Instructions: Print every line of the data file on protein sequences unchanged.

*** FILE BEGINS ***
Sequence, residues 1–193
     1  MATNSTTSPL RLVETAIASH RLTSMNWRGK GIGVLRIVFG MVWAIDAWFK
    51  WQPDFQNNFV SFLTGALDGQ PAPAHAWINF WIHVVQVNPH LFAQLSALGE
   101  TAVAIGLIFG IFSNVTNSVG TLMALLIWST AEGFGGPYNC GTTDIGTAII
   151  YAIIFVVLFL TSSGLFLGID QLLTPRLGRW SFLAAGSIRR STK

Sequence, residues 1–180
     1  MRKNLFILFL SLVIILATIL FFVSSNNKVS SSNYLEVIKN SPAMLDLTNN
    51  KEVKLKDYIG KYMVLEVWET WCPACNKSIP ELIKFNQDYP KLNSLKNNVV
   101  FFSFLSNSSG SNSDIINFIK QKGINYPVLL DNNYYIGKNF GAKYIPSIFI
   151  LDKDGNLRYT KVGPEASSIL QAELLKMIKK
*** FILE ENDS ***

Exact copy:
Sequence, residues 1–193
     1  MATNSTTSPL RLVETAIASH RLTSMNWRGK GIGVLRIVFG MVWAIDAWFK
    51  WQPDFQNNFV SFLTGALDGQ PAPAHAWINF WIHVVQVNPH LFAQLSALGE
   101  TAVAIGLIFG IFSNVTNSVG TLMALLIWST AEGFGGPYNC GTTDIGTAII
   151  YAIIFVVLFL TSSGLFLGID QLLTPRLGRW SFLAAGSIRR STK

Sequence, residues 1–180
     1  MRKNLFILFL SLVIILATIL FFVSSNNKVS SSNYLEVIKN SPAMLDLTNN
    51  KEVKLKDYIG KYMVLEVWET WCPACNKSIP ELIKFNQDYP KLNSLKNNVV
   101  FFSFLSNSSG SNSDIINFIK QKGINYPVLL DNNYYIGKNF GAKYIPSIFI
   151  LDKDGNLRYT KVGPEASSIL QAELLKMIKK